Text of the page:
Before I get to
your recommendations this month, I wanted to share your excellent suggestions
for what ‘LGF’ could stand for in relation to 26.
strong literary and friendship themes coming through, with Lindsey Russell’s ‘Literary
GiftedFriends’, Rebecca Dowman’s ‘Letters with Good Friends’, and ‘Literary,
Galvanise and Fun’ from Elena
and Faye Sharpe are also feeling galvanised! With ‘Liberating, Galvanising, Facilitating’
and ‘Lively, Galvanising, Friendly’,
‘Largesse Gumption and Friendship’ spoke to Jill Hopper. And then there’s
my personal favourite from Sabine Harnau: ‘Language Geek
Fizzing with images that make you pause; Dara’s use of language,
aged 15, is astonishing, refreshing and compelling. His passion for wildlife,
and fury at its desecration, radiates from every page. Bullied for being
different, his courageous advocacy for daily doses of nature is an essential
message for today.
In these days of home-schooling there’s even a set of teaching
notes for the UK curriculum on the website. An abridged version of the book was
read by Dara on Radio 4’s Book of the Week and is still available on BBC Sounds.
– Sarah Hill
came across this article on the need to change how we write ‘Black’ in light of the
Black Lives Matter movement. I found it fascinating as I never thought about
the impact a simple capital letter can have on a community. I thought it would
be of interest to the 26 community too.
ZEITGUIDE Culture Class with Cindy Gallop discusses how to end racism in the
corporate sector. Cindy often uses quite drastic language, and she did not
disappoint! If you have a spare hour and want to educate yourself on how to be
a good ally, watch this hugely enlightening, unexpectedly entertaining video.
– Sabine Harnau
reading a lot of nature writing at the moment, unsurprisingly, and love both
Dara McNulty’s Diary of a Young Naturalist and Lucy Jones’s Losing Eden. It
hasn’t happened yet, but the National Theatre is streaming its production of Amadeus
on YouTube in July and I am so excited. I saw it live and it’s an exhilarating
piece of theatre. Highly recommend!
May I had the pleasure of interviewing fellow 26-er Therese Kieran as part of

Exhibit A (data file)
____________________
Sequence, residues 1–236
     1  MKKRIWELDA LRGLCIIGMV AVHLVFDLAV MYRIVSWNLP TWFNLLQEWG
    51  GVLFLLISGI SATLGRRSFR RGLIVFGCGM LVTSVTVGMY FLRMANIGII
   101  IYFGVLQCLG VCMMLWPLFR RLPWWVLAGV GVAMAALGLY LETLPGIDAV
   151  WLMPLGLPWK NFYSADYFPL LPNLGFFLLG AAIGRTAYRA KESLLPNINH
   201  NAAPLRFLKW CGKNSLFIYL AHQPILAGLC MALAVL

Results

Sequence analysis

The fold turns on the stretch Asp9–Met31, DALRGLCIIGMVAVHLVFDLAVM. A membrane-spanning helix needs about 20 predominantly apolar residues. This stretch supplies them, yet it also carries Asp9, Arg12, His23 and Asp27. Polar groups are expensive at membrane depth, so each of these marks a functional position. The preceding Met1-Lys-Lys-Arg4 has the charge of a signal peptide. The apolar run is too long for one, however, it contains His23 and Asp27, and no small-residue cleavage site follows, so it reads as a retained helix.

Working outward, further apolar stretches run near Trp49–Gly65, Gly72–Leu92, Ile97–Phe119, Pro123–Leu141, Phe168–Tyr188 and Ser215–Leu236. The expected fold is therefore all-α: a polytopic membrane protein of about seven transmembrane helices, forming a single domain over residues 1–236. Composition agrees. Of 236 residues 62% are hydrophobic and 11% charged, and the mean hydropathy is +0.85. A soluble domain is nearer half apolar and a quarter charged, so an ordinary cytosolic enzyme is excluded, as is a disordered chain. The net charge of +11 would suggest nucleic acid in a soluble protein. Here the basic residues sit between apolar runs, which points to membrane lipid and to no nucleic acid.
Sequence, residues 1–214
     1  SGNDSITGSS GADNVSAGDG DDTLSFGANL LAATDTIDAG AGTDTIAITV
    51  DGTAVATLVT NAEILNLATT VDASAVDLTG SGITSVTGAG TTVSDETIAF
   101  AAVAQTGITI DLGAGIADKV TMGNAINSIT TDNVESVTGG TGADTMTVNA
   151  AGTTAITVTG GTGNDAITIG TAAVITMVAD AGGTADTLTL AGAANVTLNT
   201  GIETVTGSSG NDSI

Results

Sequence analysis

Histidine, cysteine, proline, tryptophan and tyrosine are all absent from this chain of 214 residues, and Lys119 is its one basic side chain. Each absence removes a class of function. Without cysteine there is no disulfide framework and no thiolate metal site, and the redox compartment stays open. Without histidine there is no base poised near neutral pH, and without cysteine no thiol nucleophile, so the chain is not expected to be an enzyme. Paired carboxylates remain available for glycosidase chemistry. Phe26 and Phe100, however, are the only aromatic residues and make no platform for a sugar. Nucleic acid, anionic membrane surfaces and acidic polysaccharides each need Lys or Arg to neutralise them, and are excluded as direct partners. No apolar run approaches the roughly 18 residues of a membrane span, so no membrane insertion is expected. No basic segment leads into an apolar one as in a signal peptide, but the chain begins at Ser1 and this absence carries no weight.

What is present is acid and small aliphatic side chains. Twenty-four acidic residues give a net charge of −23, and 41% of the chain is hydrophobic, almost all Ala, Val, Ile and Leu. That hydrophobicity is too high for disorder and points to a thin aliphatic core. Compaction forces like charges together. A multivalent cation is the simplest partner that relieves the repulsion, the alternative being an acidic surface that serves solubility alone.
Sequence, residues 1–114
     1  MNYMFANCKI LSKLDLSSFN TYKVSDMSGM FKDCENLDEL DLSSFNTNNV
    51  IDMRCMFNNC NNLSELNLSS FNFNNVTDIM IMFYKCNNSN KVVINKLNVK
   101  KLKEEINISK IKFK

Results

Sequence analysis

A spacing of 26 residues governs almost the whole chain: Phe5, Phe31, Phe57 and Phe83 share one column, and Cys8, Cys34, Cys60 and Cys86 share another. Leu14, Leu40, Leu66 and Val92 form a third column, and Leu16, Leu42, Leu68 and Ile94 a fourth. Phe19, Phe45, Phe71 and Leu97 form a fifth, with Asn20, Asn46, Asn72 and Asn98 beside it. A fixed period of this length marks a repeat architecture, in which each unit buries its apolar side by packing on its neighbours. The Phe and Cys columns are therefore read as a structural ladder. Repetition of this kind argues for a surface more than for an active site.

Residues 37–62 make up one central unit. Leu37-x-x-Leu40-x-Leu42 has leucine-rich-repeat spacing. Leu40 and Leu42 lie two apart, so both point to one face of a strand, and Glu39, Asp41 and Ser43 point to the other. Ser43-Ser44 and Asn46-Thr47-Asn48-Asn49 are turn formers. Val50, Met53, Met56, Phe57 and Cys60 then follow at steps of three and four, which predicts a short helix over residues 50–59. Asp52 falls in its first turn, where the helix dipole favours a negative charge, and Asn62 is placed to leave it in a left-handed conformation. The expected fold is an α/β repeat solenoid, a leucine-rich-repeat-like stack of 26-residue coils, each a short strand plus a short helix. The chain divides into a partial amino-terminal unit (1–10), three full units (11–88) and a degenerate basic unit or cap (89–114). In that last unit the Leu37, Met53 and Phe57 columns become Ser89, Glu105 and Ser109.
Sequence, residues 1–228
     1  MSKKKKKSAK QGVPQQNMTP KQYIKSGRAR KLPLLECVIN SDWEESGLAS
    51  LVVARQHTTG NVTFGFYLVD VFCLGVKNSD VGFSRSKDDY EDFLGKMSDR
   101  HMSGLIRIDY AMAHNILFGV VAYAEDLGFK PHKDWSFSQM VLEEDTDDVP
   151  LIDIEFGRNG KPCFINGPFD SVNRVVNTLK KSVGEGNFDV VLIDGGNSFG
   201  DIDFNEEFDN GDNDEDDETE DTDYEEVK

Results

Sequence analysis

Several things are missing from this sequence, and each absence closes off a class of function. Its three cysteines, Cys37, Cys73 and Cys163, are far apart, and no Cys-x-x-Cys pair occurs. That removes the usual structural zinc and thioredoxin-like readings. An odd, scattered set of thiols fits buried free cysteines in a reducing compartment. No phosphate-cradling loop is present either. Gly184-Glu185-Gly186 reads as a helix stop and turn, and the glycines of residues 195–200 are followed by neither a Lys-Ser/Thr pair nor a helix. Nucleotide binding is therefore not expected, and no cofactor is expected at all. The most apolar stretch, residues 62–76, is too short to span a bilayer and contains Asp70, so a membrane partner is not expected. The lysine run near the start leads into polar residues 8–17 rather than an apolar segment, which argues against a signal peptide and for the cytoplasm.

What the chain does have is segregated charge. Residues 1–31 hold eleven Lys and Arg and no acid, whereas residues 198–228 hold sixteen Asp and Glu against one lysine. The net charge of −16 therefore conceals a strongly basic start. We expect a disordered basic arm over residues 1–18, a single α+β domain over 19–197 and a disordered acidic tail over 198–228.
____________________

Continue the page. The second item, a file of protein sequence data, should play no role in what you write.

the Chawton House Lockdown Literary Festival. The conversation is still on YouTube if anyone fancies finding out what happened to Therese’s
Armistice 100 Days work after the project officially finished…
Another member, Sinéad Keegan was involved too – inspiring all sorts of people to try their hand at ‘found’ poetry. Her introductory session is still available until the end of June and you can find it here.
– Lisa Andrews
just finished reading Hollow in the Land, the
new novel by James Clarke. It features a range of contemporary characters in
the marginal landscape of the Rossendale Valley, north of Manchester. I lived
there for three years and his writing conveys humour, sadness and a true sense
of place. Clarke won the Betty Trask prize for his first novel The Litten Path,
but I think Hollow in the Land shows him flexing his writing even further.
just watched Becoming
– the Netflix
documentary on Michelle Obama. Riveting to see the way she shares stories to
connect with people, especially young women of colour trying to find a ray of
hope for their futures. Also, I’m tuning in every week to Melissa Harrison’s
podcast The Stubborn Light of Things. She lives
in rural Suffolk and takes you on a walk every week, observing nature as she
goes (nightingales, streams, barn owls) and interspersing it all with snippets
and poetry from the likes of Kathleen Jamie and Liz Berry. Great for writers
taking part in 26 Wild and for anyone in need of escape.
read or re-read …
got into the habit of reading a new book followed by a re-read of an old favourite. I
keep saying that The Leopard (by Guiseppe Tomasi
di Lampedusa) is one of my desert island books. But when did I last read it? 20
years ago. Can I remember the sparkling detail of each scene, the closing down
of his world, the changing of the guard? No. I know there are so many stunning
new books bering written, and libraries of excellent novels I will never go
into, but in these times a little comfort reading feeds my soul. Of course, I
could go one stage further and take the Fahrenheit 451 option and memorise the whole book.
– Alastair Creamer
My main Covid discovery – Audible Books. I listen all the time – on dog walks, loading the dishwasher, folding laundry, ironing (ok, I don’t iron, but if I did). And on my list – The Warmth of Other Suns, Clothes and Other Things, Dark Vanessa, and Rodham.
– Elena Bowes
And John Simmons recommends the various talks, films and articles which The British Museum have shared, exploring the history of writing. With everything from a Cuneiform tablet telling an ancient legend, to everything you wanted to know about the Rosetta Stone.
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